The Solution: Clarify roles and responsibilities to ensure consistent messaging

The project manager and the project controller (or scheduler) must have a strong relationship so they are sending clear, consistent messages to the team as a whole. To achieve this, start by clarifying roles and responsibilities. Then create the PoC and PEP, translate them into the schedule, and establish a proactive, effective plan to communicate with the project team. Be sure to have an integration plan to implement in the event that you end up with multiple schedules, as often happens on large megaprojects.

Pro tip: In some cases, we see situations where project control is viewed as a support function, a collection of lagging indicators that don’t mirror what is happening in the field in real-time. If this is the case on your project, shift your paradigm and position project control as a centerpiece in project execution. This will resolve conflict and send a clear message to the project team about who makes decisions.


The quality of planning is a critical risk factor that is almost always ignored in conventional risk assessments.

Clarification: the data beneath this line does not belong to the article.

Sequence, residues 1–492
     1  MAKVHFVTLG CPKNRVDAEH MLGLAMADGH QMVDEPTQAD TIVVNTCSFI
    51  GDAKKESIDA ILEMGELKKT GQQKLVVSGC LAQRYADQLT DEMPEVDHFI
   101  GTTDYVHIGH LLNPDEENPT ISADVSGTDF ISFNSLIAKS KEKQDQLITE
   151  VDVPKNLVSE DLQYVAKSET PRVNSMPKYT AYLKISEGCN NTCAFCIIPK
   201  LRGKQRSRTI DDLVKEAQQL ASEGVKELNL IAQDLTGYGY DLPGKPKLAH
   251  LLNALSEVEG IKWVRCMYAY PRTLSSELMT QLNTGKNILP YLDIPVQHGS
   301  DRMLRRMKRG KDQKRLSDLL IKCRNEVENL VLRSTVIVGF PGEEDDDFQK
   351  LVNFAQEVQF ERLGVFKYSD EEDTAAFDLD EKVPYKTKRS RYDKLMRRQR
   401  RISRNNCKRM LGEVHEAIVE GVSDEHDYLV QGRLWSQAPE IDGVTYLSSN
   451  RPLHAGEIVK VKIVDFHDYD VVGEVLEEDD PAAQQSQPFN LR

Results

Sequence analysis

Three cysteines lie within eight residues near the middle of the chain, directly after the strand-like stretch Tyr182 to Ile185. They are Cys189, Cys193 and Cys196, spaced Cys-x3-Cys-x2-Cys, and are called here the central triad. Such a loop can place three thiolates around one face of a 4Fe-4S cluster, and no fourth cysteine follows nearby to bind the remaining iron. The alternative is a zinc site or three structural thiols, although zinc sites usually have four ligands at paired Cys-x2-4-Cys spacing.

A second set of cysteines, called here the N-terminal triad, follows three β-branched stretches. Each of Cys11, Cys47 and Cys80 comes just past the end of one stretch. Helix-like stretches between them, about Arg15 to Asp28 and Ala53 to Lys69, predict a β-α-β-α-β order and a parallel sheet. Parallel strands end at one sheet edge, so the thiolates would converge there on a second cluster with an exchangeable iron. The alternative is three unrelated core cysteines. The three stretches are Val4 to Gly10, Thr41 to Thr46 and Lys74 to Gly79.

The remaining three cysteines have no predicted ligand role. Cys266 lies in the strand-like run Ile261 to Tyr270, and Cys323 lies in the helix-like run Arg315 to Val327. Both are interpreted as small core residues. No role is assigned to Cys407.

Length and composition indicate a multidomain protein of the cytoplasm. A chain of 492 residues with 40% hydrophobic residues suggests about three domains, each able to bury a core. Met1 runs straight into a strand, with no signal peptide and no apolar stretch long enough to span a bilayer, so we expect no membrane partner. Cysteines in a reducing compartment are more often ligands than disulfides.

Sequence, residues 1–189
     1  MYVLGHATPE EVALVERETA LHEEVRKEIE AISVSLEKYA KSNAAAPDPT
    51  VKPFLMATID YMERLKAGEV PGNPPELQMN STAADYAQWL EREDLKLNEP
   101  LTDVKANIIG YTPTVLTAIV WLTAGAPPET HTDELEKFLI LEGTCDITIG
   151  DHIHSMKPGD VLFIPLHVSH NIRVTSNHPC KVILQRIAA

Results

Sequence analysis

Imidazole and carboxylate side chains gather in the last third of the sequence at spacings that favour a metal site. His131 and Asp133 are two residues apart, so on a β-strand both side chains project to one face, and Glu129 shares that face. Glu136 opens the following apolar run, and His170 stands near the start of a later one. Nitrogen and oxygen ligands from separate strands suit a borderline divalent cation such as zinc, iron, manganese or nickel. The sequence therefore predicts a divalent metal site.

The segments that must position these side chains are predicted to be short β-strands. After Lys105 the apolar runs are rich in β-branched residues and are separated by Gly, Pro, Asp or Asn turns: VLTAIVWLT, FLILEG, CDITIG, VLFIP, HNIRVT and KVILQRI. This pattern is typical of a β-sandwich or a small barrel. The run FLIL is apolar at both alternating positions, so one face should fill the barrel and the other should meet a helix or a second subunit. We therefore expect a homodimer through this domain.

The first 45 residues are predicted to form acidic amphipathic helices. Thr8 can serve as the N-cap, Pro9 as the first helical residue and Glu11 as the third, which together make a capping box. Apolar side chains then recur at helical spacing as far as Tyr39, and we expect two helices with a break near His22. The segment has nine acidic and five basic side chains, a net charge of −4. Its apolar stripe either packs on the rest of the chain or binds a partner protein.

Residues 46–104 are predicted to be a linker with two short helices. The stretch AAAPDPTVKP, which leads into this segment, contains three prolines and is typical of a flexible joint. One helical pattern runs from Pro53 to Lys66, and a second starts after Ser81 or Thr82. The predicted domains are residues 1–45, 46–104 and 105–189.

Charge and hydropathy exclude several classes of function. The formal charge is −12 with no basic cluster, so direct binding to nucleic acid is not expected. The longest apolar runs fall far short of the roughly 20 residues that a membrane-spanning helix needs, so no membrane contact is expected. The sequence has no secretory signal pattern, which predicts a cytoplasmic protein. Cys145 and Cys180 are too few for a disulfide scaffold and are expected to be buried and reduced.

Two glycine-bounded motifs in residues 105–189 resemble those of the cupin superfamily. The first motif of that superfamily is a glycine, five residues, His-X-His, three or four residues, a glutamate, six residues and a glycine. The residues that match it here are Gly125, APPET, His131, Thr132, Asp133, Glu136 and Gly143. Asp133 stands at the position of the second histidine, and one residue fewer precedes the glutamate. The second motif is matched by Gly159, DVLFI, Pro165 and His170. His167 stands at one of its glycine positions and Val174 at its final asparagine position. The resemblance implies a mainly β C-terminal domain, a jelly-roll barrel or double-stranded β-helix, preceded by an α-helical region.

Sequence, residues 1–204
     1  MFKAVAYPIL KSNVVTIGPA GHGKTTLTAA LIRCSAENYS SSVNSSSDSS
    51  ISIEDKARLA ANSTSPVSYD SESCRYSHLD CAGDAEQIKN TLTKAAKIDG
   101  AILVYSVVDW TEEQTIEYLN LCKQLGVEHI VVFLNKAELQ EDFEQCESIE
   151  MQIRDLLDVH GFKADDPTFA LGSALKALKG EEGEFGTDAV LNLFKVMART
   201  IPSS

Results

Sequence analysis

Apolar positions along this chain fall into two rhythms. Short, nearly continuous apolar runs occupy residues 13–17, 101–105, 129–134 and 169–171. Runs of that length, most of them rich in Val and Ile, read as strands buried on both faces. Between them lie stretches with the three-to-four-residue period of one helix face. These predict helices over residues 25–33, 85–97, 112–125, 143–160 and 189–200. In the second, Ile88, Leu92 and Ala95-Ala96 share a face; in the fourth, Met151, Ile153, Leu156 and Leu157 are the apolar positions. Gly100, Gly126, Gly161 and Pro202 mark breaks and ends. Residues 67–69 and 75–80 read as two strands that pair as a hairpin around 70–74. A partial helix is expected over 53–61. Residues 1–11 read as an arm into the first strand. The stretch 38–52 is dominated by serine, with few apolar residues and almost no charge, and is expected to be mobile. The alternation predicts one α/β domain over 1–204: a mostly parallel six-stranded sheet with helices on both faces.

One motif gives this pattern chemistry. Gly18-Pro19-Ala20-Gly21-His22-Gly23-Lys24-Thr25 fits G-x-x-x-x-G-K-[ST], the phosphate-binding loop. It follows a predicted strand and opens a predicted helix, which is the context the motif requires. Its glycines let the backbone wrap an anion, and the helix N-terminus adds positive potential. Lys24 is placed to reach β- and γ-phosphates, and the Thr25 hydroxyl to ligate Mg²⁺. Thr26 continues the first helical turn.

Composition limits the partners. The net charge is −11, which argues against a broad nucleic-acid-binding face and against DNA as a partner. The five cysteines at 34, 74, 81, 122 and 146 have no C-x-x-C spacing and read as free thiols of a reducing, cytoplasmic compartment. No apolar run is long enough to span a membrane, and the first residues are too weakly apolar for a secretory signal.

PROBLEM 3: A fractured scheduling process


The Problem: The contracting strategy is dictating the scheduling process

On some projects, the contracting strategy comes to have an outsize impact on the schedule. This is almost always inadvertent. There may be schedules and a project control team in place, but on a day-to-day basis, the general contractor drives the schedule by dictating when and how subcontractors fit in. This splintering of responsibility predictably gives rise to multiple schedules, each of which is owned and maintained by contracting companies outside the control and direction of the Owner or EPC company. The main schedule ceases to be authoritative and instead becomes a repository of old updates from these more current and influential. 


The Solution: The Owner or EPC company owns the schedule

The Owner or EPC company can prevent the contracting strategy from dictating the schedule by taking full, meaningful control of the schedule from Day 1. The general contractor and all subcontractors must be contractually required to seek direction from project controllers and to report progress back to them in a standardized way. It is normal and necessary for contractors to develop their own internal schedules, but by taking control of the process from the outset, the Owner or EPC company facilitates proactive integration of these schedules in service of a single, authoritative schedule that supports the efforts of project managers to set the direction of the project and achieve results.

One advantage of Advanced Work Packaging is that it enhances communication, translating the complex schedule into accessible tasks that can be used collaboratively by people across the project organization, throughout the project lifecycle. It’s a dynamic, agile way to manage day-to-day collaboration, while the larger, long-term scheduling is done in a more traditional fashion.

What problems have you encountered in your capital project planning? How have you solved them?